Saturday, November 15, 2014

Song of the Mud

TW Culbertson's photo of the Western Front
While few have heard of Mary Borden -- a nurse, memoirist, and poet of the First World War --  the mud she writes about is one of the most iconic images of the war.  Born in Chicago, Borden graduated from Vassar and married a Scotsman.  When he joined the British army in 1914, she volunteered her services with the Red Cross and was working in a military hospital in Belgium by January of 1915, despite having three children (the youngest who had been born in November).  

In a series of haunting and richly descriptive short vignettes, she writes of her hospital work in Belgium and on the Somme (where the hospital was so close to the front lines that it was in bombarded by artillery fire).  

She attempted to publish her writing as a short memoir titled The Forbidden Zone in 1917, but British authorities censored the book and halted publication, concerned that it would damage morale.  The Forbidden Zone was finally published in 1929.  Borden explained that the book's fragmentary quality was her attempt to reflect the brokenness of the war experience.  The Forbidden Zone is one of my favorite memoirs of all time -- beautiful, haunting, and unforgettable. In the vignette “Belgium,” Borden writes, “Mud: and a thin rain coming down to make more mud.  Mud:  with scraps of iron lying in it and the straggling fragments of a nation, lolling, hanging about in the mud on the edge of disaster.”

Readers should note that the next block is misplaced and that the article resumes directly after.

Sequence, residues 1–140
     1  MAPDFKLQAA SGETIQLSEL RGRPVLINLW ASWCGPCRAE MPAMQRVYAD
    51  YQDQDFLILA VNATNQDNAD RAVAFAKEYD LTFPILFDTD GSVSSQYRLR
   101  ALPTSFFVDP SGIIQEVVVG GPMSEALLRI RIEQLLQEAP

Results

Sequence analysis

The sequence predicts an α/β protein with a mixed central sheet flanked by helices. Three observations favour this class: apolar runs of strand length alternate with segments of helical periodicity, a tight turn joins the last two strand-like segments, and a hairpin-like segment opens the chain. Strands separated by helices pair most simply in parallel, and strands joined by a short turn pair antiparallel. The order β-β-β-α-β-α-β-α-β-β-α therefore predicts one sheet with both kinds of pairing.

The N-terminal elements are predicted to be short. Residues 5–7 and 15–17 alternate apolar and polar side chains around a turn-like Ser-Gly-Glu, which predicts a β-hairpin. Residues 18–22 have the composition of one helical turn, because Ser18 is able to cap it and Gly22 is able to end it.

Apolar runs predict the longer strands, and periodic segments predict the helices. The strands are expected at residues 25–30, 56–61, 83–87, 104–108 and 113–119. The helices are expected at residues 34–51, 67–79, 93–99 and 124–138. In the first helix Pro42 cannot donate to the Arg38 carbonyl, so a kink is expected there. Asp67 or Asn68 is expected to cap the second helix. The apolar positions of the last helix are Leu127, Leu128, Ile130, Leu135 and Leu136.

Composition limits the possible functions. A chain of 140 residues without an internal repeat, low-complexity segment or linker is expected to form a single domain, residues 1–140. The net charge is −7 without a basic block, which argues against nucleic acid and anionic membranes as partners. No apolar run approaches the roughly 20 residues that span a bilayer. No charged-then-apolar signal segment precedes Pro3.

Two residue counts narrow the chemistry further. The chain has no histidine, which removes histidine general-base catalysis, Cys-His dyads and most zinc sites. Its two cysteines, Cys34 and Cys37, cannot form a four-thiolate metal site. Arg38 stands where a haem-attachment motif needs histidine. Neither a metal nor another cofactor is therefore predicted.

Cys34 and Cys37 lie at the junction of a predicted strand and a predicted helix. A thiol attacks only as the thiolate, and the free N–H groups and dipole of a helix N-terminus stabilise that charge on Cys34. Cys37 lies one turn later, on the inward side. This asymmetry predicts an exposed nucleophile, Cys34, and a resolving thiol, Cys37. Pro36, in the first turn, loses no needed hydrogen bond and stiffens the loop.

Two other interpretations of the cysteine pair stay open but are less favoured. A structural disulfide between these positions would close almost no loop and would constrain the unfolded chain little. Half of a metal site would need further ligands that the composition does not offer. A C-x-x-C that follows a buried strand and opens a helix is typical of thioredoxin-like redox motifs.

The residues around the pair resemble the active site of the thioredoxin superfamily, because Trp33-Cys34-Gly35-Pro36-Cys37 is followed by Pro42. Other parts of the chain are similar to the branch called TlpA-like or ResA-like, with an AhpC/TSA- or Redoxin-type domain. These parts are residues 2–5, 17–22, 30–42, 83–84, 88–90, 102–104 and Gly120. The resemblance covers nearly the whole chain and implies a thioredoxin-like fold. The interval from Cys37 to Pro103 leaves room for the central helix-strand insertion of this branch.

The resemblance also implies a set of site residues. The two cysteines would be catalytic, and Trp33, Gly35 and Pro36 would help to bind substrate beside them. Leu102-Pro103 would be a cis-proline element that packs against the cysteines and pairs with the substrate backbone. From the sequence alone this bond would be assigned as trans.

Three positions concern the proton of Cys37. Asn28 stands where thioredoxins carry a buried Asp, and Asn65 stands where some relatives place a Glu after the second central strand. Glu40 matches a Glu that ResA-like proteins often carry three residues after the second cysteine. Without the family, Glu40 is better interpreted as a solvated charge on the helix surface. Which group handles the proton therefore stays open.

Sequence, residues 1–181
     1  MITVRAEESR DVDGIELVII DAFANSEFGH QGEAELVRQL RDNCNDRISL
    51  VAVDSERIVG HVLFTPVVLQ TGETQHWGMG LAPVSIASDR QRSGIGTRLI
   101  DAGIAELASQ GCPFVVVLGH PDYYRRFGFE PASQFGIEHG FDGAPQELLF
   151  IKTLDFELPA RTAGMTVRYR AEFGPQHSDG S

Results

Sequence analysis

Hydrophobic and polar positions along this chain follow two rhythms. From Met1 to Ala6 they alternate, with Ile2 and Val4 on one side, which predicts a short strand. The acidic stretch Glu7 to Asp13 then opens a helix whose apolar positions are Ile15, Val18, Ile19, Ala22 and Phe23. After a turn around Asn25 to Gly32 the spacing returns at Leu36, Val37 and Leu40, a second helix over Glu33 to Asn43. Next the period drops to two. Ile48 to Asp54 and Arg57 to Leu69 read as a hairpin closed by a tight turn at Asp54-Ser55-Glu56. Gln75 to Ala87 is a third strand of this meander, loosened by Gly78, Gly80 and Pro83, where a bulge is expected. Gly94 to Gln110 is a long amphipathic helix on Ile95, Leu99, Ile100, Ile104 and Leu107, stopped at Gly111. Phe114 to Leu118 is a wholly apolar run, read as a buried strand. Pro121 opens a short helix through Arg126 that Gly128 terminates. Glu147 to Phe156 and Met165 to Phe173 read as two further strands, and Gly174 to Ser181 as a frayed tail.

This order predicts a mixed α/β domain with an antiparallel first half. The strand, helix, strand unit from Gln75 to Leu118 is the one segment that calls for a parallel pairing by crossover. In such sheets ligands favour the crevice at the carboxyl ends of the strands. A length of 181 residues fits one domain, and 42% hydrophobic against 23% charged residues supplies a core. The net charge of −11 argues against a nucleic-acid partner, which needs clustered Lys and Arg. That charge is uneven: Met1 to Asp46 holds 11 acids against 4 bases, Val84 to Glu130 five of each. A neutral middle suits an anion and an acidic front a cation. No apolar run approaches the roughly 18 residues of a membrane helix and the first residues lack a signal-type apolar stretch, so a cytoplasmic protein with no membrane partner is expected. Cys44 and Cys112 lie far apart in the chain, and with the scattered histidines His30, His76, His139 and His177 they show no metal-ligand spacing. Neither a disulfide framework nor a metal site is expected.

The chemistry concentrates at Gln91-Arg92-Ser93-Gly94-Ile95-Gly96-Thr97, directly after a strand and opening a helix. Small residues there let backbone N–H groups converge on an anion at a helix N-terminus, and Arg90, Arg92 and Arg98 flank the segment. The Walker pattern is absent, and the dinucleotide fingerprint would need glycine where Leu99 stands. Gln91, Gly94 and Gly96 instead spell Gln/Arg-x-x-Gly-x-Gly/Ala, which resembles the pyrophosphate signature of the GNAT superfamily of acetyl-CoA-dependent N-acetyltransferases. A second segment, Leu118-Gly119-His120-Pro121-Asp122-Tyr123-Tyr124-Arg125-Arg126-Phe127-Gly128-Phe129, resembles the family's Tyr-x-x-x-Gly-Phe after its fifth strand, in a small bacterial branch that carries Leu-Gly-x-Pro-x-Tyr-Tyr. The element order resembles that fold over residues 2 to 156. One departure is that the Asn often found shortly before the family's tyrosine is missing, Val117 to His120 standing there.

photo by TW Culbertson

Paul Fussell in The Great War and Modern Memory provides soldiers’ accounts of the mud:  Wilfred Owen wrote to his mother from his posting at the Somme in early 1917, “The waders are of course indispensable.  In 2 ½ miles of trench which I waded yesterday there was not one inch of dry ground.  There is a mean depth of two feet of water.” Another soldier wrote in his diary, “Water knee deep and up to the waist in places.  Rumors of being relieved by the Grand Fleet” (48).   Borden’s poem "Song of the Mud" communicates the sights, sounds, smells, and agonies of that morass. 

It is a wonderful poem for reading out loud – the words “feel good in the mouth.”  In the tradition of Walt Whitman and his poem “Song of Myself,” Borden’s “Song of the Mud” strings together phrases that repeat, getting stuck and unstuck as they vividly paint shifting scenes:  the sodden lanes, the sunken trenches, and the sludge of No Man’s Land, viewed from different angles and perspectives. 

The Song of the Mud

This is the song of the mud, 
The pale yellow glistening mud that covers the hills like satin; 
The grey gleaming silvery mud that is spread like enamel over the valleys; 
The frothing, squirting, spurting, liquid mud that gurgles along the road beds; 
The thick elastic mud that is kneaded and pounded and squeezed under the hoofs of the horses; 
The invincible, inexhaustible mud of the war zone. 
This is the song of the mud, the uniform of the poilu. 
His coat is of mud, his great dragging flapping coat, that is too big for him and too heavy;